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THE CITY: 1900-1948
This portfolio allows students to investigate photographs of changing ideas of “the city” during the first half of the twentieth century. This is the moment when modernity becomes visible through skyscrapers and the everydayness of modern technologies like electricity, streetlights, streetcars, bicycles, automobiles, radio, and photography. This portfolio also reveals the interest of photographers in social issues: class differences, living conditions, and differing professions.
‘Look Closer’ Work
Alvin Coburn, Fifth Avenue, from the St. Regis, from the book New York, ca. 1910, hand-pulled photogravure, UMMA 1972/1.167
“The soft-focus that dominated pictorialism was employed by Coburn in this image looking down Fifth Avenue from the St. Regis Hotel. In the gathering gloom, the spires of St. Patrick’s Cathedral on the left and the tower of St. Thomas Episcopal Church at the right create an evocative atmosphere that belies the reality of New York in 1910. In his foreword to New York, H.G. Wells noted that this image of the city was his least favorite. He stated that he’d never seen New York look hazy and that Fifth Avenue, from the St. Regis represents the city in an uncharacteristically reflective mood. The towering energy of Wall Street is more in keeping with New York, but this elegiac view of Fifth Avenue may signal the disappearance of the city that would have been familiar to Henry James and Edith Wharton.”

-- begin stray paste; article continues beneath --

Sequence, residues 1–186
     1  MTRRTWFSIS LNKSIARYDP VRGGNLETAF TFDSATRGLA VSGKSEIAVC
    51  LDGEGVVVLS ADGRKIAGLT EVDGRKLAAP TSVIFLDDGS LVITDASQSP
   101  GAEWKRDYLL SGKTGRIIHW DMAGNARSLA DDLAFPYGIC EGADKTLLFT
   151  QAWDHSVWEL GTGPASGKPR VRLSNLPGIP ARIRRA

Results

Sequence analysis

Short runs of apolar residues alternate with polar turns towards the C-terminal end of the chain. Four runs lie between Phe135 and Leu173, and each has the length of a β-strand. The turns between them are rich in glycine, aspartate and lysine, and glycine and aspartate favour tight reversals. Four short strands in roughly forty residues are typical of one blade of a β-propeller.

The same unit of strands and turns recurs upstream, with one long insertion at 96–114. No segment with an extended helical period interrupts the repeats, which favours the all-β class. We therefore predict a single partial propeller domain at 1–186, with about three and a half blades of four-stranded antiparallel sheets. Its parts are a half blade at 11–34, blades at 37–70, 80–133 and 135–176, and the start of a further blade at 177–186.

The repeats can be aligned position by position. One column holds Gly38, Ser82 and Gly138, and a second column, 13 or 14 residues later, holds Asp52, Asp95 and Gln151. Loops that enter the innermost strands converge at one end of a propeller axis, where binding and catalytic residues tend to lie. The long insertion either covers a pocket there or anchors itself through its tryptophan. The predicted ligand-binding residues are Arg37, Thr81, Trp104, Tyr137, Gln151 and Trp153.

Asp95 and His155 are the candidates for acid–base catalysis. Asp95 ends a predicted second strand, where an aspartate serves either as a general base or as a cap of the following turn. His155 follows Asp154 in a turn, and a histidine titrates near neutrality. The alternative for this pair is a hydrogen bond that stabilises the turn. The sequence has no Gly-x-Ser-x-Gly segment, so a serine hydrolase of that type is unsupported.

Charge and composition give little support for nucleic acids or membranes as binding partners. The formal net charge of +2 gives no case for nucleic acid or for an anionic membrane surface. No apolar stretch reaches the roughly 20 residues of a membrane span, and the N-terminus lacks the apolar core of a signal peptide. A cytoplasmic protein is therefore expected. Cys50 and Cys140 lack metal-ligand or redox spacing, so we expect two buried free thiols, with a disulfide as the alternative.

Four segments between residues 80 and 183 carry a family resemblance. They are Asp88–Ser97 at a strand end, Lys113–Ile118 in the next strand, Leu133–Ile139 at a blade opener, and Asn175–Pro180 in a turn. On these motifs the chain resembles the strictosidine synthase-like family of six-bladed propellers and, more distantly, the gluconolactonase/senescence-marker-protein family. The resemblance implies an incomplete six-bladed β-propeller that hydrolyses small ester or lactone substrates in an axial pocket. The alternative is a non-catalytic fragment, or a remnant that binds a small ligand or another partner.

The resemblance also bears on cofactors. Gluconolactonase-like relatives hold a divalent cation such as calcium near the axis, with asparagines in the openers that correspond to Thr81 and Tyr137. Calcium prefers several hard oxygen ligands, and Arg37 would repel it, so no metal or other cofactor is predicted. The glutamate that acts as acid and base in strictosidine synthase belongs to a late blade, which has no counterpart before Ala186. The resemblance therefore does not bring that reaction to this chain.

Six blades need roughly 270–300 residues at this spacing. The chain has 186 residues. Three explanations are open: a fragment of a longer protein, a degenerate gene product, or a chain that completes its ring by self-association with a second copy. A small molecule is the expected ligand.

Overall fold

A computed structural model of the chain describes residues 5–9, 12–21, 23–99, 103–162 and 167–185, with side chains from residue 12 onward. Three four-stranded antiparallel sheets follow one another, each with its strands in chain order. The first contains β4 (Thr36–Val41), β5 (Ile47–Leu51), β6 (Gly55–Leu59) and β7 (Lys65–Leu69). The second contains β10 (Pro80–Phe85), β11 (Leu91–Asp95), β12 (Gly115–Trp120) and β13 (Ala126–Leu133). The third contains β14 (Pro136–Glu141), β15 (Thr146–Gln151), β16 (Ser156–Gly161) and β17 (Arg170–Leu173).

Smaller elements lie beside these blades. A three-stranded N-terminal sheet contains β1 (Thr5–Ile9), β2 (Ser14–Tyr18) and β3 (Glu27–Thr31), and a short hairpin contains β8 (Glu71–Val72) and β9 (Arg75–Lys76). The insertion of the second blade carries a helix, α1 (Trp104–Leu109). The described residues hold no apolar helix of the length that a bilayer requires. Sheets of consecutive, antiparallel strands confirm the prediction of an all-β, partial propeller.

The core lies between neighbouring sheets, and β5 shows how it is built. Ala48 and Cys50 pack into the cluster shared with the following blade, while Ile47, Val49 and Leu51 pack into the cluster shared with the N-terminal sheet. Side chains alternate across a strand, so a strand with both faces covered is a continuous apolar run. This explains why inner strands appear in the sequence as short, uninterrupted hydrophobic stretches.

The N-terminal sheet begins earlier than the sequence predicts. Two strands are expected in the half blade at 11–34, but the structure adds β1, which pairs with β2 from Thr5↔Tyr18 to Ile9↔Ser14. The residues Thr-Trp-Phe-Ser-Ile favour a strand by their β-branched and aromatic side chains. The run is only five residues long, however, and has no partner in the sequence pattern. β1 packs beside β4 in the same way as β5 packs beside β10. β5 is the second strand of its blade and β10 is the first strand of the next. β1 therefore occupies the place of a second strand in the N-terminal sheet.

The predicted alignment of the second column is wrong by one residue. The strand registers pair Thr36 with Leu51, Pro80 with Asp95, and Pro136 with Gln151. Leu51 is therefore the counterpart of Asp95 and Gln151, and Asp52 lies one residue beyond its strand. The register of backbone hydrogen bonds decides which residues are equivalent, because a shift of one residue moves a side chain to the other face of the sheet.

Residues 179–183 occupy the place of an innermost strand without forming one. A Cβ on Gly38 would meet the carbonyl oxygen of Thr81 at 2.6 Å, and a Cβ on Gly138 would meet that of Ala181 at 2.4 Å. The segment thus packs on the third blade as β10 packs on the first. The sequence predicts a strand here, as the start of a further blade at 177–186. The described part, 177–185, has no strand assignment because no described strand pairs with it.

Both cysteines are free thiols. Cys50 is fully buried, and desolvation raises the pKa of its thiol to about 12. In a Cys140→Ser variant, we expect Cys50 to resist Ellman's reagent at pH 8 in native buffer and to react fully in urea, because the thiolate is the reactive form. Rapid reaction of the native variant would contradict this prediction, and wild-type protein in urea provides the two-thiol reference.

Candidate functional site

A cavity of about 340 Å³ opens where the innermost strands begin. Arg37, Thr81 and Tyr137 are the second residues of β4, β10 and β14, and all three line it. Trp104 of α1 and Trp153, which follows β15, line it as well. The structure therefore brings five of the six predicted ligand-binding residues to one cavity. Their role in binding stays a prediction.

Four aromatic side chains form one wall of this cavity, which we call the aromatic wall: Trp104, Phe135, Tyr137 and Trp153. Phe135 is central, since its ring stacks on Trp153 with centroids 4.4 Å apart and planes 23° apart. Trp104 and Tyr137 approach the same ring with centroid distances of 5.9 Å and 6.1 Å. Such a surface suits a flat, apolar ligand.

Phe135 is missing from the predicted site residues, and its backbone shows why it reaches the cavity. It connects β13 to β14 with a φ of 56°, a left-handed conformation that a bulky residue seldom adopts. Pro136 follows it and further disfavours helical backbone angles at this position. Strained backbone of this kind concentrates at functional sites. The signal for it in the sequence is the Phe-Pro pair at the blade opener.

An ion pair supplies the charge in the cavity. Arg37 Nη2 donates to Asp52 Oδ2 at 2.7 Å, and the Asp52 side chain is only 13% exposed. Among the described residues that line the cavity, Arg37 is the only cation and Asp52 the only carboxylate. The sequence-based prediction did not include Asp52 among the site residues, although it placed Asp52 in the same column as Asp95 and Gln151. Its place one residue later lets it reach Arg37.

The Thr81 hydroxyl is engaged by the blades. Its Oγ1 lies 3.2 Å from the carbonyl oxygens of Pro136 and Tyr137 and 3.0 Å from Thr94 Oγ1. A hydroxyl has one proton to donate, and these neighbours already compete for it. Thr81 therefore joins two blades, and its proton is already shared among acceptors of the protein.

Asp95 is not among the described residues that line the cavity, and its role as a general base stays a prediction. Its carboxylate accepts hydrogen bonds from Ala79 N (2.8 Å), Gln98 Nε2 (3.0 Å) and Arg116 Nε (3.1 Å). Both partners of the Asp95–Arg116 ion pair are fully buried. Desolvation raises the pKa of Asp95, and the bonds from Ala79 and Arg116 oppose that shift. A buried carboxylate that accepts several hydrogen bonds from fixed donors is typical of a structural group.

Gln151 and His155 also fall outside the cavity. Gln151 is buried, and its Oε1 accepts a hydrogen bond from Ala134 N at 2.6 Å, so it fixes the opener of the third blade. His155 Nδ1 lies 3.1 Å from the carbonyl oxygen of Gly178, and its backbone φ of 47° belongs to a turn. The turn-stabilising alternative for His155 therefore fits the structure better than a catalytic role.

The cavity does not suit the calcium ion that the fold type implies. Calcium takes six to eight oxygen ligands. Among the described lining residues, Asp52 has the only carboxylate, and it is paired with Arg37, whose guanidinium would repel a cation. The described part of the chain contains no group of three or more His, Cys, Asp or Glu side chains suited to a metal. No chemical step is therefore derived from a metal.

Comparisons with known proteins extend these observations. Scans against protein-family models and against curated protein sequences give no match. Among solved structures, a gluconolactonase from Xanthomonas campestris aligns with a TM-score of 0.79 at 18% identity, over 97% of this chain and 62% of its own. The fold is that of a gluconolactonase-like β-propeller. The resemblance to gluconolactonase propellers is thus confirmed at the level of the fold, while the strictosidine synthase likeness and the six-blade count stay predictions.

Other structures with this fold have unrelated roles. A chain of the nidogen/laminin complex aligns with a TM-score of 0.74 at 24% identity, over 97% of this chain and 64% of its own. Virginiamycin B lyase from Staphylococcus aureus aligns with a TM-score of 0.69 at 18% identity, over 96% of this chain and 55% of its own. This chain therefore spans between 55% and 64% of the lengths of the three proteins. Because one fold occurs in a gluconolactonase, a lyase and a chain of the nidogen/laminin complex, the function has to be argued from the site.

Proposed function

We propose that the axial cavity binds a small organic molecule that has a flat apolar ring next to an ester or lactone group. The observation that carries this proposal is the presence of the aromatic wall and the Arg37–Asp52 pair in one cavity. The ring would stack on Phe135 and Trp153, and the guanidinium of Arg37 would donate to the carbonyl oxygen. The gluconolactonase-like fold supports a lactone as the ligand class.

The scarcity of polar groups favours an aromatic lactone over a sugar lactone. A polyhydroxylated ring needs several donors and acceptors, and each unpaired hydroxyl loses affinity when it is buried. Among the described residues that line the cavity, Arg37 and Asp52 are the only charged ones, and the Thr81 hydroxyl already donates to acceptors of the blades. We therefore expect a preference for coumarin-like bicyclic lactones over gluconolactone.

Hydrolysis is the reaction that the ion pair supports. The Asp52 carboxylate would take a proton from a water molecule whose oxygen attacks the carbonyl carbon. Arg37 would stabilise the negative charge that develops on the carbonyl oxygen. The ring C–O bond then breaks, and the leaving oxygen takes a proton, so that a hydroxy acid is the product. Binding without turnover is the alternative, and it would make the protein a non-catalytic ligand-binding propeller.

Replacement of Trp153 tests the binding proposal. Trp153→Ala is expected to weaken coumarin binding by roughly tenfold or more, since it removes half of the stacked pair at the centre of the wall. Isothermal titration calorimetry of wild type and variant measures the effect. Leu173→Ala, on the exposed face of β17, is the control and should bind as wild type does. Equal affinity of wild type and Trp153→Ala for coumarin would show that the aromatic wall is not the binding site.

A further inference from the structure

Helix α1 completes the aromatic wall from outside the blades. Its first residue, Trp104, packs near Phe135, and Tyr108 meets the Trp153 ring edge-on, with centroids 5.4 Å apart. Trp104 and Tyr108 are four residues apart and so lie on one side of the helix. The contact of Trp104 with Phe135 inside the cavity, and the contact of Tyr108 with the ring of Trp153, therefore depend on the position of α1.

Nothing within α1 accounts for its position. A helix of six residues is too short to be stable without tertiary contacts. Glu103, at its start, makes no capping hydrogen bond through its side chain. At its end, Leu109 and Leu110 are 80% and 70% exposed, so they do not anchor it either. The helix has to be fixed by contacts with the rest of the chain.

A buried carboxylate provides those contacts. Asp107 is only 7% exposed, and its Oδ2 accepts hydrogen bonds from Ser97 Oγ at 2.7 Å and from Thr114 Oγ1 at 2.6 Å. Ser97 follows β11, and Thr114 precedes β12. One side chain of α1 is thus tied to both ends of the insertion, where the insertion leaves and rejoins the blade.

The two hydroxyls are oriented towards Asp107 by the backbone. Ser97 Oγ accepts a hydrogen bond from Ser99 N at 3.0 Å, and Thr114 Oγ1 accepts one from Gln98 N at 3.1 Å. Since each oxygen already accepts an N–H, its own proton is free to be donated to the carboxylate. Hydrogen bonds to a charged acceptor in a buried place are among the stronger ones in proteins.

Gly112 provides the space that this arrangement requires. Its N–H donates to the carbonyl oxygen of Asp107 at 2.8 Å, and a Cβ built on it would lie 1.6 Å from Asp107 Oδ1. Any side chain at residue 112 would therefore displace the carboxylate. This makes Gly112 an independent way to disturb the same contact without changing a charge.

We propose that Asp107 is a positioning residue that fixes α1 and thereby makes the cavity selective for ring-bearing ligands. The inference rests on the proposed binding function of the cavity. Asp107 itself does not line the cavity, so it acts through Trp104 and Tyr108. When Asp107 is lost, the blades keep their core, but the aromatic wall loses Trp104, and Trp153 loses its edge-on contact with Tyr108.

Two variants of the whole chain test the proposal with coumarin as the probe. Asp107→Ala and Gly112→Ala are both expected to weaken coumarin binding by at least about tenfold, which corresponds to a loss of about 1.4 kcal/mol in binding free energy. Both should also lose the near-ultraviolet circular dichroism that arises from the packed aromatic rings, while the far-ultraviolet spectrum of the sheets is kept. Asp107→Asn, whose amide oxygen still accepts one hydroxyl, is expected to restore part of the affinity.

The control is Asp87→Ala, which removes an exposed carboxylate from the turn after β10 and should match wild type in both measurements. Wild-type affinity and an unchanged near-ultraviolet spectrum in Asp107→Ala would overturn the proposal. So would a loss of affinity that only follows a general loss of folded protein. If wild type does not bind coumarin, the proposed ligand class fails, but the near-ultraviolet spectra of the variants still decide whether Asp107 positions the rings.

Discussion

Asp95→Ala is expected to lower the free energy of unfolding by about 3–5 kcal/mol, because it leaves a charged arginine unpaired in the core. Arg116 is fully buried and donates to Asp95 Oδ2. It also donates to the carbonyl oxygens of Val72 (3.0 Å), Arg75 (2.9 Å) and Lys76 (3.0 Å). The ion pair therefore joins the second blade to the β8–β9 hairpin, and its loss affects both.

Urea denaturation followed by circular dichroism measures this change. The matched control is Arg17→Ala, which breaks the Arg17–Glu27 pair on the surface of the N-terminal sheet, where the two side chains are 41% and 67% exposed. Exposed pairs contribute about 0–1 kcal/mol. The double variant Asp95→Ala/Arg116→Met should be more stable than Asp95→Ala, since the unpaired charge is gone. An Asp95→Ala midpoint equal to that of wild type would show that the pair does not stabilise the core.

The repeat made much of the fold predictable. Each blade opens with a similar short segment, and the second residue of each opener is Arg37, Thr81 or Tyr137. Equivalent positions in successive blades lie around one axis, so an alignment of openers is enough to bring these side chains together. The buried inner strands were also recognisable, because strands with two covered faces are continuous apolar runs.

-Carole McNamara, Assistant Director for Collections & Exhibitions
Wigoder, Meir, "The "Solar Eye" of Vision: Emergence of the Skyscraper-Viewer in the Discourse on Heights in New York City, 1890-1920," in Journal of the Society of Architectural Historians, Vol. 61, No. 2 (Jun., 2002), p. 152-69 [focus on p.165-67]
Article Discussion Questions
- What were some of his aesthetic or pictorial influences?
- In what way did Coburn desire to portray the city in his photographs?
- How does the work Fifth Avenue, from the St. Regis, reflect his investigation of what Wigoder calls “the skyscraper-viewer,” and how does this reflect modernity?
Marl Jefferson, “The Real New York in 1910,” in Bulletin of the American Geographical Society, Vol. 43, no. 10, 1911, p. 737-740.
Amy E. Johnson, “Crooked and Narrow Streets,” in Winterthur Portfolio, Vol. 47, No. 1, Spring 2013, p. 35-64.